One of the key contributions that recently qualified archivists can make to themselves and to the profession is to carry out interviews with the senior people in their offices, and/or with those who have retired. If you need guidance or inspiration, contact the Film and Sound Group’s “Celebrating Memory” project, or go to the project web-site, at http://www.pettarchiv.org.uk/fsg/handbook.htm.

If we understand the work of archives in terms of social memory rather than record production, it clarifies a number of issues and gives a clearer sense of future direction. In the first instance, it underlines how potentially disastrous the slide into an identification of archives with something like leisure services is – it distorts and disguises the function of the archive, and leaves it less anchored and adaptable when times and fashions change. Conversely, where it is clearly understood that archives are part of the memory function of the community, the archive can respond actively and proactively to changes in memory needs, as with leisure-time researchers, without abandoning or diverting from its primary task. It can respond quickly and without let or apology to changes in recording practice and technology (as with the Internet and computers today or, in an earlier period, Roneo machines and photocopiers), and it can move ahead to anticipate and address the potential gaps in the community’s memory as different recording technologies, and change within the community itself, create them. Archivists need a variety of tools in their toolkit Oral history is one tool in this task.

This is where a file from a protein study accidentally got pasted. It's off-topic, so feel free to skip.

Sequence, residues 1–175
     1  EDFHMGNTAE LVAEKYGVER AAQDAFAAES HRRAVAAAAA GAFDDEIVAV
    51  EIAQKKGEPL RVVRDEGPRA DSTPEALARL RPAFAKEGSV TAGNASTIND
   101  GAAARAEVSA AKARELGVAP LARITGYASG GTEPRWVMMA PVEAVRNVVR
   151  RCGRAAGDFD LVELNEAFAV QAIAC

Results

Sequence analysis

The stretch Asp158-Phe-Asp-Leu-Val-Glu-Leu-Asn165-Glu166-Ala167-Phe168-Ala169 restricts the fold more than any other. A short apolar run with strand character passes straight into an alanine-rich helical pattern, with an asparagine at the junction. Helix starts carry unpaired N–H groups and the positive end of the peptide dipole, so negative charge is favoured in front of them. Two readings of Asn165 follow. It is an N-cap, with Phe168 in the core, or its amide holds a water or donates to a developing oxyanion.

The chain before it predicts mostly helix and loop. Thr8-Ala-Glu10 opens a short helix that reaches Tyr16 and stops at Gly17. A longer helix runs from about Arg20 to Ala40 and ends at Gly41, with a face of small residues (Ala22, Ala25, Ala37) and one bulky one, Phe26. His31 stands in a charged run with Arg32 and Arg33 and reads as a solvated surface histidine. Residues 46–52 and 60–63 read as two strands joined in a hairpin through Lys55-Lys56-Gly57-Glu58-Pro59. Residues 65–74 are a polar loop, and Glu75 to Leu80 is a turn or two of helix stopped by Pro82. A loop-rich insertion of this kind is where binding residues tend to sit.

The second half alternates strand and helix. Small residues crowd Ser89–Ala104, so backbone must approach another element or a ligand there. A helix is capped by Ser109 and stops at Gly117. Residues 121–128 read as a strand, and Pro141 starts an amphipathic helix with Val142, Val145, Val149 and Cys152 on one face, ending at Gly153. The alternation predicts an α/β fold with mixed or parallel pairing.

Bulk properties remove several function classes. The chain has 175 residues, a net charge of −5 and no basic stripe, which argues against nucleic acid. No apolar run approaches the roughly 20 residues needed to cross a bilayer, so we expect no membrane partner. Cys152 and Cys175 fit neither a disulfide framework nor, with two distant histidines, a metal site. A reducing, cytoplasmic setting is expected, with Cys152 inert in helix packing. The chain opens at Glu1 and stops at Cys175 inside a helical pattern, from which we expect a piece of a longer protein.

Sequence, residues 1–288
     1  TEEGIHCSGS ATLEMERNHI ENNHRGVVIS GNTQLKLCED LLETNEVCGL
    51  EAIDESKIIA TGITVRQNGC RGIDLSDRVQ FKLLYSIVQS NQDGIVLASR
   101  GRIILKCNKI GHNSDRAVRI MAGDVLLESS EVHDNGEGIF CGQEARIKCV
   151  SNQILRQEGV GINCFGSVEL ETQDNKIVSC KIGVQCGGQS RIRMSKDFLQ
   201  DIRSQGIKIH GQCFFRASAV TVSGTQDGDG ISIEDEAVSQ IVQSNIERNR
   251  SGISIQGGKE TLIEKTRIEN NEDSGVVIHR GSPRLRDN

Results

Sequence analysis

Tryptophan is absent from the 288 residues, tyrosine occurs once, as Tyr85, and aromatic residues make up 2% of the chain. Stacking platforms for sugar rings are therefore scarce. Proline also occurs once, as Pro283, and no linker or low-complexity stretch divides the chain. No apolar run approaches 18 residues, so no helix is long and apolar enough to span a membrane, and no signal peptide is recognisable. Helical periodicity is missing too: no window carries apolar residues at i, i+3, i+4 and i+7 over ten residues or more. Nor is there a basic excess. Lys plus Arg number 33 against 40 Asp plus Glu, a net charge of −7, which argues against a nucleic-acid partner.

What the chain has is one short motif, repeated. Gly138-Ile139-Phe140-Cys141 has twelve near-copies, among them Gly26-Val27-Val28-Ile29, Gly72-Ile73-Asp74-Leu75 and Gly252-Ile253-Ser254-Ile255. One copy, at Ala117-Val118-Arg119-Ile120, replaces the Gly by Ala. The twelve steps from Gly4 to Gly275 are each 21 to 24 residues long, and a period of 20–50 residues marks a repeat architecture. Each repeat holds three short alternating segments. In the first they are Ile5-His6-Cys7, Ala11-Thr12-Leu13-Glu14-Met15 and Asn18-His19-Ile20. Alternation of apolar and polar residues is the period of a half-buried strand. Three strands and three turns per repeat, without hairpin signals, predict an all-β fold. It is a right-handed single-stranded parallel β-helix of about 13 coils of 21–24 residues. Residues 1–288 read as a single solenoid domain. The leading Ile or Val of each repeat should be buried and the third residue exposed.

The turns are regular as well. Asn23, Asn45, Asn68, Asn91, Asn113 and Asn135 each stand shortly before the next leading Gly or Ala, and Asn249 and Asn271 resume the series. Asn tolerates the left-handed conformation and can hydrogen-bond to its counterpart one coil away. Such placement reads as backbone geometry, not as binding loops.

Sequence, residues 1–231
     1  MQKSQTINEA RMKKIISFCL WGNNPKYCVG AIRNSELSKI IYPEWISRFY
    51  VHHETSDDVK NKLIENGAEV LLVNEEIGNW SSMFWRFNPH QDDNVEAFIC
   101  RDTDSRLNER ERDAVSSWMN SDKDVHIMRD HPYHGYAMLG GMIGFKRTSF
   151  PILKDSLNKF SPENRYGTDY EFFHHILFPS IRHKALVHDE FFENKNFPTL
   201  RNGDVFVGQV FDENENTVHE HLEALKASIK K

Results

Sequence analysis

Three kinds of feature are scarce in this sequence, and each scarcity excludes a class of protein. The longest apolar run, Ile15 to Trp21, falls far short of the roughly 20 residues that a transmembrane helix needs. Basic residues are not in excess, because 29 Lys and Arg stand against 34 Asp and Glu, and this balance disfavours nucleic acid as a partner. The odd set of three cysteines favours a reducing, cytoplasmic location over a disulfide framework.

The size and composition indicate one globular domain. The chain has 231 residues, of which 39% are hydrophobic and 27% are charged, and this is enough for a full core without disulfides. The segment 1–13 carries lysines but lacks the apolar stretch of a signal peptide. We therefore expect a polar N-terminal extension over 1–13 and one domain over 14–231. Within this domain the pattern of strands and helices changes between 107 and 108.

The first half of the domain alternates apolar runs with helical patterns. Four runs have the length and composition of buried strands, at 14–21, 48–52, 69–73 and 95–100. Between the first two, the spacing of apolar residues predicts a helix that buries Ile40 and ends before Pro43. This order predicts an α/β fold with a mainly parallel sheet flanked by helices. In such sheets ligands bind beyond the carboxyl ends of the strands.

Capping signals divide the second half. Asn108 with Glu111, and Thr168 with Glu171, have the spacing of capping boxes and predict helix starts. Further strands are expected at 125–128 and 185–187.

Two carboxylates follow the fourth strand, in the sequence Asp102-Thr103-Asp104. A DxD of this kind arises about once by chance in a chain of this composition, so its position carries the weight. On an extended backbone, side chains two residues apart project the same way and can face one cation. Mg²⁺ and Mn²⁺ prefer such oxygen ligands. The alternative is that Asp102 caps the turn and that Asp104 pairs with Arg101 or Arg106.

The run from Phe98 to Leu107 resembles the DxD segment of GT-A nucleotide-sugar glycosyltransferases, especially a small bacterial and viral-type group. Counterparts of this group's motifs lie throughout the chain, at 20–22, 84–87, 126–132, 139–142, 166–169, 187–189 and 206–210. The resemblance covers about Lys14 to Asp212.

January 1st, 2013

On a beautiful winter day, with the days growing longer

Now to clean the toolshed, with doors from one closed

therapeutic community, and steel cabinet from another.

We had a piano from a third, but it came with a mouse;

whose grandchildren many times over still build nests,

having forgotten the therapeutic home of their ancestors,

in the steel cabinet, and among the rusting tools.


([For Neill])